My response: “You must first know which gaps could have real and meaningful impact to your firm….and then focus on the highest priority items. This requires you to compare gaps across your portfolio of third parties. Security postures are dynamic and it’s important that you have insight into these changes. Without a continuous stream of accurate data, you’re always looking at outdated information.”
3. How do I work with my third parties to ensure they are addressing these gaps?
According to Deloitte’s extended enterprise risk management (EERM) global survey report in 2017, 74 percent of survey respondents have faced at least one third-party related incident in the last three years. I consistently hear risk professionals struggle with developing and implementing a repeatable and closed looped process for ensuring third parties are remediating these gaps.
My response: “This seems daunting, but it’s not. The key is knowing the gaps that could impact you most and communicating that to your third party. The other key is ensuring you have a closed looped process to understand their timeline for remediation and to document when the item has been resolved. You also need visibility into their remediation efforts and the status of their projects.”
4. How do I continuously monitor my third-party ecosystem for changes in their security posture?
While I seldom speak with a risk professional who feels confident in their ability to identify, prioritize and remediate gaps in their third-party ecosystem, it’s rare to have a discussion around properly monitoring changes in business and cyber posture. Only the most sophisticated programs – ADP, Blackstone and Aetna come to mind – have adequate alerting for M&A and cyber threat activity in their partner network. In addition to utilizing outside-in scanning tools like BitSight, these organizations should also ingest other data sources to provide alerts if additional due diligence should be performed given the changes.
My response: “You need visibility into a dynamic stream of data contributed by your assessment partner, your third party, relevant data sources and other technology vendors like who contribute to your understanding of changes in risk that require your attention.”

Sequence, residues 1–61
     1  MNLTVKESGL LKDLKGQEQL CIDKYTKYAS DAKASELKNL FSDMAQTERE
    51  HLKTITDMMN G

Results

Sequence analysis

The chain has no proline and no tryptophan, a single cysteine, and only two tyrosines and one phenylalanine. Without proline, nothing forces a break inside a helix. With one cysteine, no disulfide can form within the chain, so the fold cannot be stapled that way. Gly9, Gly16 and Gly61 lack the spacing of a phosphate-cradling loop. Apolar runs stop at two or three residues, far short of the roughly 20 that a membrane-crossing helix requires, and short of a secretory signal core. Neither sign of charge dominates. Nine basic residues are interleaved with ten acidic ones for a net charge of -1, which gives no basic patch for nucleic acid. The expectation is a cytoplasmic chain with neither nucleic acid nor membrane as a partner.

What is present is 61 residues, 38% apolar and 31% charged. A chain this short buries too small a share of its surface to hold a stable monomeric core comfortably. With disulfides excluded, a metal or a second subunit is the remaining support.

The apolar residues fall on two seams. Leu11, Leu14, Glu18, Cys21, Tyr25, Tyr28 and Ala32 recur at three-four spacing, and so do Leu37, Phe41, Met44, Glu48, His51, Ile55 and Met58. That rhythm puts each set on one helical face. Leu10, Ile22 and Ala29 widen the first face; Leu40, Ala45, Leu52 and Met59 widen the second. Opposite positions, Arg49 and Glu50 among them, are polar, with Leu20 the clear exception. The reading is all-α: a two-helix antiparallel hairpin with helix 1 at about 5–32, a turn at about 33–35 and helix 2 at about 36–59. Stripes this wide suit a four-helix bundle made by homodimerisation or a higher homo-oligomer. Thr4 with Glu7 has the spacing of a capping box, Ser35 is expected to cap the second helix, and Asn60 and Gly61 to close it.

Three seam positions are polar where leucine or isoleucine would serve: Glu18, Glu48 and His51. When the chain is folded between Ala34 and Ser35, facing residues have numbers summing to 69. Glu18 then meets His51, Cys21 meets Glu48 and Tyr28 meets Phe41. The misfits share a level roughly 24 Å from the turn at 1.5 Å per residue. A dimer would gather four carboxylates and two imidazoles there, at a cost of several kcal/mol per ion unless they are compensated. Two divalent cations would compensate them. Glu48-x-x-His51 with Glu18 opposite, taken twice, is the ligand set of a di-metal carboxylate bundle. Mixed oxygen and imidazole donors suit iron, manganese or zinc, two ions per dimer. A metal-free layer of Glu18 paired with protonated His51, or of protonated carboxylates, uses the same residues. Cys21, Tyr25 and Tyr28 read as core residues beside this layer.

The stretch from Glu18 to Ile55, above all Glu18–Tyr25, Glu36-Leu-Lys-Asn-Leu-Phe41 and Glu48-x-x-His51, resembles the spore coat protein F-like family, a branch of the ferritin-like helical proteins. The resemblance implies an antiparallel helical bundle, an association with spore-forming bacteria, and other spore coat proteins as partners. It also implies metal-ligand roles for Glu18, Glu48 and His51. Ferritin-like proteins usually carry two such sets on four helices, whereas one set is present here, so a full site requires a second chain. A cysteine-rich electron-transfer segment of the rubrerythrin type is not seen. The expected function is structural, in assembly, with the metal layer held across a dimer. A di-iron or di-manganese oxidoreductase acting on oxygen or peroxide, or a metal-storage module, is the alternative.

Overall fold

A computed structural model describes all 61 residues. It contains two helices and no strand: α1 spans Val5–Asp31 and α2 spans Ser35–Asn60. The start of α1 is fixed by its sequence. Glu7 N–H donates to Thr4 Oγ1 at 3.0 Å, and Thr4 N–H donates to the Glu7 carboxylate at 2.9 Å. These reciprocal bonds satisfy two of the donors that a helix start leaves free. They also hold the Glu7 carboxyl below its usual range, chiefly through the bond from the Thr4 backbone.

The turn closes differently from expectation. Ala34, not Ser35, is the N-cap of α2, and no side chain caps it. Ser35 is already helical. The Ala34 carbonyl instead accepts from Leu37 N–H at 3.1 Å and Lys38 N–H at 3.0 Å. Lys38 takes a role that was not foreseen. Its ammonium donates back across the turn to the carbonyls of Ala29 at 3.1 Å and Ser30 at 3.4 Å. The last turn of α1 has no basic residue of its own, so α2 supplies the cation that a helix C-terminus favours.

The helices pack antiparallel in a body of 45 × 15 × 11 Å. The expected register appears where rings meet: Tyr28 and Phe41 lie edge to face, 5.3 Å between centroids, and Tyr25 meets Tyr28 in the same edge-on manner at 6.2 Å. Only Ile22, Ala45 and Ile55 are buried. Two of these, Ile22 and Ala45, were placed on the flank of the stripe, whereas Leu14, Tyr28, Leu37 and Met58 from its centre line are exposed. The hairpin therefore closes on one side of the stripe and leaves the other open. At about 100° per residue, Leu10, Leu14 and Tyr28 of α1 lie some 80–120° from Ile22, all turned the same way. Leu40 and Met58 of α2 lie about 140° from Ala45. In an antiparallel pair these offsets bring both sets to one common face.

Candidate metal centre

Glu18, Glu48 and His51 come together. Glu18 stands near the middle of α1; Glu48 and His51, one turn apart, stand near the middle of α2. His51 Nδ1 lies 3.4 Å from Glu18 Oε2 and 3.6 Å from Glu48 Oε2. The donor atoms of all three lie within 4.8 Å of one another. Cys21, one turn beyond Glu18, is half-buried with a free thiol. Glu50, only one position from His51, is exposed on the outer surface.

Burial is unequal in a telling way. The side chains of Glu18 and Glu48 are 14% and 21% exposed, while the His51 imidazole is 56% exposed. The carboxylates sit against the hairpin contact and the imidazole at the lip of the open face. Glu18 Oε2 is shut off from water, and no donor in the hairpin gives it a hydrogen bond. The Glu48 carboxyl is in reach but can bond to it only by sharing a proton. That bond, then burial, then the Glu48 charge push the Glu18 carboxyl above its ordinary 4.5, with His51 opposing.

5. How do I know which third parties pose the most risk to me, so I can focus my efforts?
My #1 Groundhog Day moment revolves around discussions where organizations struggle to truly manage risk from their extended enterprise. The goal is to convert their third-party team from spending too much time collecting data and managing spreadsheets to real risk managers who focus their energy on discovering third party cybersecurity threats that could compromise their data, facilities or employees.
It’s not uncommon for companies to have 4,000+ third parties and most struggle to know which third-party – or group of third parties – poses the most risk to their organization at any moment. This is difficult problem to solve and requires access to structured and up-to-date risk intelligence data, advanced analytics and the ability to scale a program well beyond the top 10% of vendors. Most companies don’t have the resources necessary to properly manage risk from their third-party ecosystem. And for the ones they are assessing, they don’t have the bandwidth or tools to take action on the assessment responses. While many organizations are assessing some of their vendors, most struggle to gain comprehensive visibility into their entire portfolio to the level that they can quantitatively demonstrate risk reduction.
While we may have a little fun relating the issues of third-party risk management to a cult-classic movie like Groundhog Day, for those dealing with these issues on a daily basis it simply isn’t funny. However, in 2018, it’s time to wake up to a new day, and together, we can leave our third-party risk Punxsutawney once and for all.